Help me out by letting me know your intuitions regarding the following case.
When is the following sentence truthfully uttered and when is it not:
Joe is on the witness stand at a trial and utters the following:
U: "I state that I have never been a member of the communist party."
Now when is what he says true? Here are some options:
(i) U is true in virtue of Joe saying it.
EVIDENCE: Since U is about what is stated, and Joe is stating what he is reporting himself to be stating, U is true. Compare if Joe said, "Mary states that I have never been a member of the communist party." Joe would be speaking truthfully regarding Mary solely based upon the things that Mary states -- it would have nothing to do with Joe's actual membership of the communist party. Since the sentence about Mary has a similar structure to U, U should be treated in the same way, thus it is true if and only if Joe states it. Since Joe does state it, U is true.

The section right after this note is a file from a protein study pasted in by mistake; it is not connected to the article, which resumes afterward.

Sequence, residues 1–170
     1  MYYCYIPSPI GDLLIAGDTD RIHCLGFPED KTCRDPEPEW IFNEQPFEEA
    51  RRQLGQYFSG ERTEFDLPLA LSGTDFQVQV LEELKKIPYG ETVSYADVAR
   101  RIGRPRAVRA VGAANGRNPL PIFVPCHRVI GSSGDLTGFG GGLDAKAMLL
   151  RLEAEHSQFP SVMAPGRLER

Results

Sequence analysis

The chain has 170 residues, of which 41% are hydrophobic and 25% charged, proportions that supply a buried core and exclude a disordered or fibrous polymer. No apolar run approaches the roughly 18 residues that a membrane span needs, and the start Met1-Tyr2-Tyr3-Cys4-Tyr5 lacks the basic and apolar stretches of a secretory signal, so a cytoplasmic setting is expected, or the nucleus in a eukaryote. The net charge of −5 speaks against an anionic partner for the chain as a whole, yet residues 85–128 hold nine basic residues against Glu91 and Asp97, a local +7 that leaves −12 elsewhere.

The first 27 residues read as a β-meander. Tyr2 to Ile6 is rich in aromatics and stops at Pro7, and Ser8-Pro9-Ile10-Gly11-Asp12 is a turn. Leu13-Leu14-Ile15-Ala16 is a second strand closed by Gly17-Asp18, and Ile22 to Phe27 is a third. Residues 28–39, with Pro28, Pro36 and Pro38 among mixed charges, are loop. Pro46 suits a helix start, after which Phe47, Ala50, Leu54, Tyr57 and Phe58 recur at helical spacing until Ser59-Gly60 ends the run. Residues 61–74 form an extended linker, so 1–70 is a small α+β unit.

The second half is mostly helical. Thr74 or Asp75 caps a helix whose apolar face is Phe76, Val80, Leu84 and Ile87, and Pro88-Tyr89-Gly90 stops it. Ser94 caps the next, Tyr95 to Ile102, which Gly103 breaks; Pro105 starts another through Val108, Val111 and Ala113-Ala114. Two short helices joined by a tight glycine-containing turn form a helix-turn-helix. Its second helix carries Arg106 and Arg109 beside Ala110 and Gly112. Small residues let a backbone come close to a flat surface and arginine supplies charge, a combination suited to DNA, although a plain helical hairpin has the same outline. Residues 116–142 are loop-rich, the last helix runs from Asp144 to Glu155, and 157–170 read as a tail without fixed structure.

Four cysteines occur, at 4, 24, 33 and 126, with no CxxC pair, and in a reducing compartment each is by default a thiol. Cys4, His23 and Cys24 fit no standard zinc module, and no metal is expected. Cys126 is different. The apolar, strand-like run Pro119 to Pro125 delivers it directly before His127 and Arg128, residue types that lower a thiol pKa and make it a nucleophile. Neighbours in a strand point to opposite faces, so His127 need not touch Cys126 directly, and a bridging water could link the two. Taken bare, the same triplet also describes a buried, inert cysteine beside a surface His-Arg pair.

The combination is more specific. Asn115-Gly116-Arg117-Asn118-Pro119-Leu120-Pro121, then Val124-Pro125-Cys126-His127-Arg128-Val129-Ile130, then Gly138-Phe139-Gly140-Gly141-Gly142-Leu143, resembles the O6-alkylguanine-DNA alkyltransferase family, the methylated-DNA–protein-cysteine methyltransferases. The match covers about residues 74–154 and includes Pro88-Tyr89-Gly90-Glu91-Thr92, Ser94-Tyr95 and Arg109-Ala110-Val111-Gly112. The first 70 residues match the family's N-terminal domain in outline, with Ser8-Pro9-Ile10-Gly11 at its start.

(ii) U is true in virtue of whether or not Joe has ever been a member of the communist party. If he has, then U is false, if he has not, then U is true.
EVIDENCE: The judge would not be happy if he later found out that Joe was merely reporting what he states, not anything about his political memberships. Joe would likely be convicted of perjury if he had been a member of the communist party.
(iii) U is true if and only if Joe states it and he has never been a member of the communist party.
EVIDENCE: Conjoin the evidence for (i) and (ii), both are good, but neither is sufficient.
(iv) U is true if and only if some other reason.
EVIDENCE: You tell me.